But Stefanyshyn-Piper said she willhave to tie her waist-length hair up during the flight, not the least of whichto fit the bundle inside her spacesuit.

“NASA actually has a rule that saysfemales with long hair must have it contained,” she said.

Stefanyshyn-Piper credits herparents Michael and Adelheid, both of whom immigrated to the U.S., forinspiring her active life.

“Just to come to a new country whereyou don’t know the people and you don’t know the language, maybe I inherited somethingfrom them and felt I had to go off and do exciting things,” she said.

Stefanyshyn-Piper has drawn on thesupport of her family, including husband Glenn and son Michael, to prepare forher upcoming spaceflight, and has packed away one item to take into space forher brother Eric – the only one who won’t be at the launch – a U.S. Marine whorecently deployed to Iraq.

Both Stefanyshyn-Piper and Tannersaid that, despite their mission’s pressure to jump start ISS construction –which has been on hold since the 2003Columbia accident – they are both looking forward to enjoying theirupcoming flight when they have a private moment.

“If you’re not having fun, thanyou’re missing out on part of thrill of spaceflight,” Tanner said.

  • Video: Astronaut Joseph Tanner’s STS-97 Mission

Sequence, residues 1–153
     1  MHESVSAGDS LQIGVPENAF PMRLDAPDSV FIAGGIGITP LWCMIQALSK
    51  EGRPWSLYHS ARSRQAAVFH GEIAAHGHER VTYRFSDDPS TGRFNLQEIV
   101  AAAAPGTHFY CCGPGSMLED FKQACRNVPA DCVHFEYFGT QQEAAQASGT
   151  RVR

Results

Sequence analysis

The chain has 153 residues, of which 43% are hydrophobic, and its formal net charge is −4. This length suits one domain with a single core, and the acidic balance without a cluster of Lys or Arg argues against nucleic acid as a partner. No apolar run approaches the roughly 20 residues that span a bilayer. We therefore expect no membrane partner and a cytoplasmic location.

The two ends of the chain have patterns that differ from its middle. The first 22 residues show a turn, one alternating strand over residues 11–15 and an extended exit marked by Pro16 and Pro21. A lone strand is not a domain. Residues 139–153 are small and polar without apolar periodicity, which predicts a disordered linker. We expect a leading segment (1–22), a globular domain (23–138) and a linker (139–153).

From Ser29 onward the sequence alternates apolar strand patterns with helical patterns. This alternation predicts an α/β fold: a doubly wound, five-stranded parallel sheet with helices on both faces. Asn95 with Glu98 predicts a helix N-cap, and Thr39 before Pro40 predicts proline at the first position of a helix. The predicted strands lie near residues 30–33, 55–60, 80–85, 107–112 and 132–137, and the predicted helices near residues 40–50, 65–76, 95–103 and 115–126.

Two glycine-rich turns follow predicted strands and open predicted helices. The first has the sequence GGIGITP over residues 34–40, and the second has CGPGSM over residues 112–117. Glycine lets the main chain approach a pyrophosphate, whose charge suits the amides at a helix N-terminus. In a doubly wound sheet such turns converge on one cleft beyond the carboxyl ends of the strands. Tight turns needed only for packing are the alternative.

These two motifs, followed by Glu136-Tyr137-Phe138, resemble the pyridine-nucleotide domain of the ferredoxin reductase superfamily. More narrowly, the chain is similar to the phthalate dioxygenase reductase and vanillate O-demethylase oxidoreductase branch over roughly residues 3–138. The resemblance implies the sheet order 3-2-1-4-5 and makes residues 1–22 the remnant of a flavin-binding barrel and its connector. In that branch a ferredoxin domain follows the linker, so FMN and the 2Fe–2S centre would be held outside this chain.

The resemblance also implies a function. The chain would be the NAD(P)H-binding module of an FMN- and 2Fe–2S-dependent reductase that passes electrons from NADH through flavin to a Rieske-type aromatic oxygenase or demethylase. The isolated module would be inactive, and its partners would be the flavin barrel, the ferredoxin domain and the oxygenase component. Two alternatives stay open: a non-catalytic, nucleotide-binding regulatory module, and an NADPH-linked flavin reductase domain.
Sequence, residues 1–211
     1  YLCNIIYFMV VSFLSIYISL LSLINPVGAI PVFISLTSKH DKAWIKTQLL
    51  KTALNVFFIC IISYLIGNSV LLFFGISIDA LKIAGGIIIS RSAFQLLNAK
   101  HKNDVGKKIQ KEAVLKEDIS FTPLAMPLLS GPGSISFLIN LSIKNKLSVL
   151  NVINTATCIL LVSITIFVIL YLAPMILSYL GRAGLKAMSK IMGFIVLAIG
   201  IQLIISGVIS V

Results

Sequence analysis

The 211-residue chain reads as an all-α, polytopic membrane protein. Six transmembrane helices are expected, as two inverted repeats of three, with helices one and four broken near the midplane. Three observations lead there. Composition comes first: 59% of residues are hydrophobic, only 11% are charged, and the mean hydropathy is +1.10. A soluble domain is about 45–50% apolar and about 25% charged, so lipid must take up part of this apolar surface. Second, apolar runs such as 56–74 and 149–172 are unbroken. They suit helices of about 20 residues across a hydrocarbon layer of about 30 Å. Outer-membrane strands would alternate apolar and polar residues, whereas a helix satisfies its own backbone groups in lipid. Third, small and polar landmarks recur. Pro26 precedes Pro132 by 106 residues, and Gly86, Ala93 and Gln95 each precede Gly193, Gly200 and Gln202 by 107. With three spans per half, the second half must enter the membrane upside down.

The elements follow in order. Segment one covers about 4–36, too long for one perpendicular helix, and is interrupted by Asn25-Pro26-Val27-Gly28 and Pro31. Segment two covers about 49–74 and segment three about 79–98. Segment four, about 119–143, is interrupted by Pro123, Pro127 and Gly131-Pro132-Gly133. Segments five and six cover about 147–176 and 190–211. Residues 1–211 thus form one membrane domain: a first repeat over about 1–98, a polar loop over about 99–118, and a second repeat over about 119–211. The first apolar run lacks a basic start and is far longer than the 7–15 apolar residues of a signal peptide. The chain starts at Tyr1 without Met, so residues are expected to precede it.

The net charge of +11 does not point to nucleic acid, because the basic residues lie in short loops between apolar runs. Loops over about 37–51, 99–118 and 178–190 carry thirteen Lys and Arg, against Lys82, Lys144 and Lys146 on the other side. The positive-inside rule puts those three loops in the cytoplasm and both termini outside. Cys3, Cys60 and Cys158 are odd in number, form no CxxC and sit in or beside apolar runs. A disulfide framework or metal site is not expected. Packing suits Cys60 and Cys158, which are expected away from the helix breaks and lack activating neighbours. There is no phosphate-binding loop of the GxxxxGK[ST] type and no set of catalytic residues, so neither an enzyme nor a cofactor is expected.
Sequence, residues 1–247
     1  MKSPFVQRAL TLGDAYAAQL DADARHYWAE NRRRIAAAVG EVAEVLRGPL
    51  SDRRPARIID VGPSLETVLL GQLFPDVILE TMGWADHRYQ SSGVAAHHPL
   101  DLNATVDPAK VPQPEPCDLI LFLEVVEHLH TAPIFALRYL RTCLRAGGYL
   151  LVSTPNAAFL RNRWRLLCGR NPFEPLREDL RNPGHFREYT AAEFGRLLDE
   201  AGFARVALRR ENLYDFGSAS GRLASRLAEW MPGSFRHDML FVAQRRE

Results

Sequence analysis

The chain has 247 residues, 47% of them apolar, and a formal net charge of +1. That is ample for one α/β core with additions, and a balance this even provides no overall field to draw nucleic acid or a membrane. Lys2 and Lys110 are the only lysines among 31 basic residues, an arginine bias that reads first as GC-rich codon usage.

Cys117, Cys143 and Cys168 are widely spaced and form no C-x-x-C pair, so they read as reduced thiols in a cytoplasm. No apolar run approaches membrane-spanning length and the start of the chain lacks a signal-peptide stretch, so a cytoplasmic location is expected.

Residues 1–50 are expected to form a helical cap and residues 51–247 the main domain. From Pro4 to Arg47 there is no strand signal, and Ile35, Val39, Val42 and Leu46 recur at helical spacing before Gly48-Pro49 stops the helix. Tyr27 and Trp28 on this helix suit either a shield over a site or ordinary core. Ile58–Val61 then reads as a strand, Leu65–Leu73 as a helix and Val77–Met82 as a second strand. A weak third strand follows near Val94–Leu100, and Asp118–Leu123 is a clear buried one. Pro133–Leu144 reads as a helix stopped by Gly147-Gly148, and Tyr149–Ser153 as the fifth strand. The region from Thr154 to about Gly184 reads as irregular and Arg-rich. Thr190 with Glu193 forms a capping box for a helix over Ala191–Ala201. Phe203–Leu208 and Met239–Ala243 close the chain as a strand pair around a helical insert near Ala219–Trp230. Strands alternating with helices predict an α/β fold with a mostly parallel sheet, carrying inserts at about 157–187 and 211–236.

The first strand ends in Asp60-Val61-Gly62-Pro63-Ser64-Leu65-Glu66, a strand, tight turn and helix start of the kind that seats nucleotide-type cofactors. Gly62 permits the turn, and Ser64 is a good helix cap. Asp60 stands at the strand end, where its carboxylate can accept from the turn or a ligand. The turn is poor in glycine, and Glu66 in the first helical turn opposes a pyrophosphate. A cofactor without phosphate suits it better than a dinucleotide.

• Gallery: Prepping Atlantis
  • Gallery: STS-115 Crew Training  
  • Complete Space Shuttle Mission Coverage
  • NASA’s STS-115: Shuttle Atlantis to Jump Start ISS Construction
  • The Great Space Quiz: Space Shuttle Countdown

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Tariq Malik

Tariq is the Editor-in-Chief of and joined the team in 2001, first as an intern and staff writer, and later as an editor. He covers human spaceflight, exploration and space science, as well as skywatching and entertainment. He became's Managing Editor in 2009 and Editor-in-Chief in 2019. Before joining, Tariq was a staff reporter for The Los Angeles Times covering education and city beats in La Habra, Fullerton and Huntington Beach. In October 2022, Tariq received the Harry Kolcum Award for excellence in space reporting from the National Space Club Florida Committee. He is also an Eagle Scout (yes, he has the Space Exploration merit badge) and went to Space Camp four times as a kid and a fifth time as an adult. He has journalism degrees from the University of Southern California and New York University. You can find Tariq at and as the co-host to the This Week In Space podcast with space historian Rod Pyle on the TWiT network. To see his latest project, you can follow Tariq on Twitter @tariqjmalik.